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Rouhani fires back at criticism of economic management

Iranian President Hassan Rouhani has reminded critics that he is managing the country with oil near $30 per barrel, not the highs of the previous administration.

The price of oil dropped to $31.56 per barrel on Jan. 11, a 12-year low. While the news has been tough on all oil-exporting countries, perhaps no one feels the pressure more than Iran’s President Hassan Rouhani, who is hoping that the February parliamentary elections will bring about a more cooperative parliament in the second half of his presidency.

Many Iranians who voted for Rouhani hoping he would resolve the nuclear crisis and end the country’s international sanctions are still awaiting the implementation of the nuclear deal. Rouhani has previously said the implementation of the deal and the removal of sanctions would take place in January. Mehdi Jahangiri, a member of Iran’s Chamber of Commerce, said Jan. 12 that sanctions on Iran would be removed Jan. 15. He predicted 6% growth rate for Iran’s economy once the sanctions are removed.

While Iranians heading to the polls in February will certainly not feel the impact of the sanctions' removal, Rouhani continues to remind Iranians that the economy is in good hands despite the dramatic fall in oil prices.

At a Jan. 11 ceremony for the inauguration of phases 15 and 16 of the South Pars gas fields, Rouhani addressed conservative critics who have been trying to name his administration the “administration of [economic] downturn.” Rouhani said, “We must not speak of [economic] downturn. The administration is managing the country with oil at $30, not $147.”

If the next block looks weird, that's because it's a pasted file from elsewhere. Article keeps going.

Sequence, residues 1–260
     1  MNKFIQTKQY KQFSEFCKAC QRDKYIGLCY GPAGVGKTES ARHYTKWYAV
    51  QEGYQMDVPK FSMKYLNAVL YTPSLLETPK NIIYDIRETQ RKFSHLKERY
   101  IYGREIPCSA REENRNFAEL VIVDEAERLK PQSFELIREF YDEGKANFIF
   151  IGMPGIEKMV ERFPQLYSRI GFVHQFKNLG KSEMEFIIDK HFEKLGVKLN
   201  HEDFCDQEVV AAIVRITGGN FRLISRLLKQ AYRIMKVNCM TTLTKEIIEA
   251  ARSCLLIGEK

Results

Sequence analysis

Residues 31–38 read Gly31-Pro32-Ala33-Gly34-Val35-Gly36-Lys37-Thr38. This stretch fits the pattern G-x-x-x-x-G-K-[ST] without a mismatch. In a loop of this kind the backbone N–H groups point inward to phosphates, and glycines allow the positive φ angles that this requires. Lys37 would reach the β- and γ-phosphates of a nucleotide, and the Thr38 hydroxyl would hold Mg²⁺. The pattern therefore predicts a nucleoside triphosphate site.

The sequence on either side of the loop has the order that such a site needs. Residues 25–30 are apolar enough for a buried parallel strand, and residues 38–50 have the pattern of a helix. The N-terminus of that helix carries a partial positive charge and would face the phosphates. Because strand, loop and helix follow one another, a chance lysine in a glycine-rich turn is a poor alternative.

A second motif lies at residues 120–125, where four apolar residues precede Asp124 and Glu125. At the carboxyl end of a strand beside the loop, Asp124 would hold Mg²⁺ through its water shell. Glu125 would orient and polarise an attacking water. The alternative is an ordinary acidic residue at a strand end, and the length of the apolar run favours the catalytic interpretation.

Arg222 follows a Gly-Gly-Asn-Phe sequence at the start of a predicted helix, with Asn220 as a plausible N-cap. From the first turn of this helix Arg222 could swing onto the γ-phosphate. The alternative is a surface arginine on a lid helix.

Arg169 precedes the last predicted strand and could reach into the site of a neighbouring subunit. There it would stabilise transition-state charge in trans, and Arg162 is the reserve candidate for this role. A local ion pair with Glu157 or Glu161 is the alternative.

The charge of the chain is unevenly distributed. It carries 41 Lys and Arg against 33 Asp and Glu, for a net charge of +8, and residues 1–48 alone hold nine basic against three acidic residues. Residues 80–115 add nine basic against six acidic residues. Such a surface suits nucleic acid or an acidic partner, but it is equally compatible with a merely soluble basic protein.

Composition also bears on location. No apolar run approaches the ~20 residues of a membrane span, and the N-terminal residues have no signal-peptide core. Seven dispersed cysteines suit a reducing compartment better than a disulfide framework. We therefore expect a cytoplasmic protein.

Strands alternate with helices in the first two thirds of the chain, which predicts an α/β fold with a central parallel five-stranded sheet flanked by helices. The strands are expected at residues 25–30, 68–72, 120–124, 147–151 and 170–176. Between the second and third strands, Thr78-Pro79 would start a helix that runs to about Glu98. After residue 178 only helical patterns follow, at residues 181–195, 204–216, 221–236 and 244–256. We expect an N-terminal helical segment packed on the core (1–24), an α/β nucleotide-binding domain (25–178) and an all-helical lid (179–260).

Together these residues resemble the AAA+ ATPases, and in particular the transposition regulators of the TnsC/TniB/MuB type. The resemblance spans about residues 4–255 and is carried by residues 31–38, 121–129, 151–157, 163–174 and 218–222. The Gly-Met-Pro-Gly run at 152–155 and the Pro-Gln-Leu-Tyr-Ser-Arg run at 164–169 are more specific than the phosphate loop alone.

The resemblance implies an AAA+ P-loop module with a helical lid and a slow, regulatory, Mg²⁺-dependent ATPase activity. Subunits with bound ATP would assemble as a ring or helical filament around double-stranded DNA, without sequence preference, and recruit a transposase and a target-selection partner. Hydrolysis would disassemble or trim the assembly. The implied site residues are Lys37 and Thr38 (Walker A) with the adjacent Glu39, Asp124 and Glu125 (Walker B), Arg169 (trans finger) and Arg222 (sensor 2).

In July 2008, under conservative President Mahmoud Ahmadinejad, oil had peaked at $147 per barrel. Vatan-e-Emrooz, which is edited by hard-line MP and former Ahmadinejad ally Mehrdad Bazrpash, labeled Rouhani’s administration “the administration of [economic] downturn.” Bazrpash is now an Iranian MP and one of the most vocal critics of the administration.

Rouhani reminded critics and Iranian voters alike, “The administration is managing the country under sanctions, not under normal circumstances. The administration, despite all the conspiracies, will keep its promises.” He added that after a lengthy period of time, “in the coming days we will witness the removal of sanctions.”

Rouhani acknowledged and thanked the Iranian people for their resistance in the face of sanctions. He said that after the implementation of the nuclear deal and the end of the sanctions, he will acknowledge “the greatness of the work” the people had done. Rouhani also sent a message to Iran’s neighbors, saying that they should know that Iranians are capable of handling difficult challenges.

Rouhani also said that his government has successfully reduced inflation, which had peaked at 40% at the end of Ahmadinejad’s presidency. Inflation in December was under 13%. He said that after the sanctions are removed Iran will see an economic boom.

While Rouhani continues to attach economic growth to the removal of sanctions, he has linked his promise for a more open political climate to the conservative-led Guardian Council. Iran saw a record 12,000 candidates register for the parliamentary elections. The Guardian Council must vet each candidate and give them approval to run. Rouhani said that “God willing, the Guardian Council will be on the same path” to open the political climate in the country.

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